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Experiments in Fluids

, Volume 49, Issue 1, pp 89–99 | Cite as

Measurement of parallel blade–vortex interaction at low Reynolds numbers

  • David Rival
  • Roland Manejev
  • Cam Tropea
Research Article

Abstract

In this study parallel blade–vortex interaction for a Schmidt-propeller configuration has been examined using particle image velocimetry (PIV). This tandem configuration consists of a leading airfoil (forefoil), used to generate a vortical wake of leading-edge vortices (LEVs) and trailing-edge vortices (TEVs) through a pitching or plunging motion, and a trailing airfoil (hindfoil), held fixed with a specified angle of attack and vertical spacing in its wake. The hindfoil incidence (loading) and not the vertical spacing to the incoming vortical wake has been found to dictate the nature of the interaction (inviscid vs. viscous). For cases where the vortex–blade offset is small and the hindfoil is loaded, vortex distortion and vortex-induced separations are observed. By tracking the circulation of the LEV and TEV, it has been found that the vortices are strengthened for the tandem arrangement and in certain cases dissipate quicker in the wake when interacting with the hindfoil. Time-averaged forces obtained using a standard control-volume analysis are then obtained and used to evaluate these vortex-interaction cases. A subsequent analysis of the varying pressure distribution over the suction side of the hindfoil is performed by integrating the Navier–Stokes equations through the velocity field. This allows for a direct comparison of the vortex-induced loading for the various configurations.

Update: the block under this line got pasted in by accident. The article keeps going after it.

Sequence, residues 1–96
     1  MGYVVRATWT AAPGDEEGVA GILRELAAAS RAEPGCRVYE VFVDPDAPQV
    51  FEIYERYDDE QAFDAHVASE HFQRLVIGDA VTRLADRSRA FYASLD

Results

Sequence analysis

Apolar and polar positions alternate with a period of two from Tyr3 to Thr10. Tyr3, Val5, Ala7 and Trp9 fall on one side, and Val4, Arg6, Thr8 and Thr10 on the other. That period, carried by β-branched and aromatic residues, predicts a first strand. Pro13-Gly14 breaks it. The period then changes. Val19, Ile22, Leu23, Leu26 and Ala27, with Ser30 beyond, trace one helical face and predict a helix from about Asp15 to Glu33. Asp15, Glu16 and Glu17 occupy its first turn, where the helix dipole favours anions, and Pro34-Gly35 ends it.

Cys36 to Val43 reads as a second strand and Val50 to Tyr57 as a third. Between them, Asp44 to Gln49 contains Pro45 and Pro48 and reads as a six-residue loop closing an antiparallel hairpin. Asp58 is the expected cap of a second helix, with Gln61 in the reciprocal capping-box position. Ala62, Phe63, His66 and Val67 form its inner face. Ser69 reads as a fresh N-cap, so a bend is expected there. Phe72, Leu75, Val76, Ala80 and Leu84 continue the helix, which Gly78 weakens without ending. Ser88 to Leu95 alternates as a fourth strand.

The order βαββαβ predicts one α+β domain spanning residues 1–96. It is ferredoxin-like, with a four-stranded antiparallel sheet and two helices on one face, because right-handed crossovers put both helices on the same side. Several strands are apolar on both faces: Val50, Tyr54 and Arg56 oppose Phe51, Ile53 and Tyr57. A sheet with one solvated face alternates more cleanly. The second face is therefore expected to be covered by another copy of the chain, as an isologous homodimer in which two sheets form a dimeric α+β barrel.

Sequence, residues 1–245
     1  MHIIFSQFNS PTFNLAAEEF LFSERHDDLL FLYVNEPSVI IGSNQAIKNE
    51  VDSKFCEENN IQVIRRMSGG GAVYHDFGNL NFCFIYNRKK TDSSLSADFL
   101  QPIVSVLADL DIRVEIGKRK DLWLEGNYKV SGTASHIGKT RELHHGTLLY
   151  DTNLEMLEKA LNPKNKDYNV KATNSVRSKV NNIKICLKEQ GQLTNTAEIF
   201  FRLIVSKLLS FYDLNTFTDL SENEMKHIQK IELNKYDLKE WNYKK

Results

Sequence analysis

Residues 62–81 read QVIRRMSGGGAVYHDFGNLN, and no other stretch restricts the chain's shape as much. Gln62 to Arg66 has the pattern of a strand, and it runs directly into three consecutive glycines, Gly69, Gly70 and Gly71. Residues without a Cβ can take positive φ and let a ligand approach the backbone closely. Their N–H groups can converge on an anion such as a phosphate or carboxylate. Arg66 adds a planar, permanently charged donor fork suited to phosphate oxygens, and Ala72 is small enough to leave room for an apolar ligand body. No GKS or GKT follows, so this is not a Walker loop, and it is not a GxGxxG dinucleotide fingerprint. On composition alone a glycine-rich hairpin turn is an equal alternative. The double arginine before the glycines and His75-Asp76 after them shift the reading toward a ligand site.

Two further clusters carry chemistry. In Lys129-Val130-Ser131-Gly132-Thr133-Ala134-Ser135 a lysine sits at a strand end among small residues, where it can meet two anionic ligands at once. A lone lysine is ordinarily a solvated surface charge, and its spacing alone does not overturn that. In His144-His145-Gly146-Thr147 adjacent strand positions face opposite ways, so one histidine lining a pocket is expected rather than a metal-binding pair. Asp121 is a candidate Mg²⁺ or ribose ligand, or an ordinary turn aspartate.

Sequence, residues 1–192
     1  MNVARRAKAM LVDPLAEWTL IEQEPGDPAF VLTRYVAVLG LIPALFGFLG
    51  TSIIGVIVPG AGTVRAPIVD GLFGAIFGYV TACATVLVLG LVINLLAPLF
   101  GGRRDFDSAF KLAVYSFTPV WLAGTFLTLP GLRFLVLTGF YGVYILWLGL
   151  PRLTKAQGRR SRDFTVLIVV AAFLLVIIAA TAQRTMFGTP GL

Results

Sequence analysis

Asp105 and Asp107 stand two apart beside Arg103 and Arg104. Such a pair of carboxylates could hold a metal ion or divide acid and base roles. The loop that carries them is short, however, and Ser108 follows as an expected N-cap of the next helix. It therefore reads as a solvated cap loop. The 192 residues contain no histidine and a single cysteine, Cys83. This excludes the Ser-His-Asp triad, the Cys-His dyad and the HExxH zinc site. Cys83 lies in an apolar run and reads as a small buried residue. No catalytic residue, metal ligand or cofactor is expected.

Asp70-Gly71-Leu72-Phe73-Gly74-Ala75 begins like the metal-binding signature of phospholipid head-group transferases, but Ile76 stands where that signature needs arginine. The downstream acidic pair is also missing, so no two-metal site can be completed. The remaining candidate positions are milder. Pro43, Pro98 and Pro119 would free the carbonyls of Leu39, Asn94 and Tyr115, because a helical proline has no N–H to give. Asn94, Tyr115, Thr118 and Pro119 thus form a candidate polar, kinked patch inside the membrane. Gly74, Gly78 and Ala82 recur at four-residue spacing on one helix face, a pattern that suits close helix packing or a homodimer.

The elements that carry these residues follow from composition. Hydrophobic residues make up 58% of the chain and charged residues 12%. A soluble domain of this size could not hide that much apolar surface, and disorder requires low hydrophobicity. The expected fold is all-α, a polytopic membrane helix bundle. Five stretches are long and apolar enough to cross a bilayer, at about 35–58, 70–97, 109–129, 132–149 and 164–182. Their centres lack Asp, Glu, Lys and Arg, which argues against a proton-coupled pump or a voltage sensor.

Keywords

Vortex Particle Image Velocimetry Vortex Interaction Airfoil Surface Unsteady Term 
These keywords were added by machine and not by the authors. This process is experimental and the keywords may be updated as the learning algorithm improves.

Notes

Acknowledgments

This research was supported by the Deutsche Forschungsgemeinschaft (DFG) within the national priority program entitled Nature-Inspired Fluid Mechanics (SPP1207, Tr 194/40). The authors would also like to acknowledge the very constructive feedback from the reviewers.

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Copyright information

© Springer-Verlag 2010

Authors and Affiliations

  1. 1.Institute of Fluid Mechanics and AerodynamicsTechnische Universität DarmstadtDarmstadtGermany
  2. 2.Postdoctoral Associate in Mechanical Engineering at MITDarmstadtGermany

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